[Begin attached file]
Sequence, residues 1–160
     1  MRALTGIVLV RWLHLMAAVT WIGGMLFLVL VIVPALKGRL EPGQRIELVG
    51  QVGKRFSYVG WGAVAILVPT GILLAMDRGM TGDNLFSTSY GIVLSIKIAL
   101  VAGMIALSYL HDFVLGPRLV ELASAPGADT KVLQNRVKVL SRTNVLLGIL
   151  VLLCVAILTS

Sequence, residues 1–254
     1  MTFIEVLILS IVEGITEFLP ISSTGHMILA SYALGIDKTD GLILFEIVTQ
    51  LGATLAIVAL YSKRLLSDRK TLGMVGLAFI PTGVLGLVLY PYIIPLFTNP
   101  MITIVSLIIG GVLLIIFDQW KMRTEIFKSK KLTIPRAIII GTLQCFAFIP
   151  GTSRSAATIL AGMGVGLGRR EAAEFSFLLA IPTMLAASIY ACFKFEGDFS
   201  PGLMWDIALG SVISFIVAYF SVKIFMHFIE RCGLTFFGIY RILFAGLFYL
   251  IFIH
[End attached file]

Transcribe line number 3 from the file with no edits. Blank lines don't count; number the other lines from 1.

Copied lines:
    51  QVGKRFSYVG WGAVAILVPT GILLAMDRGM TGDNLFSTSY GIVLSIKIAL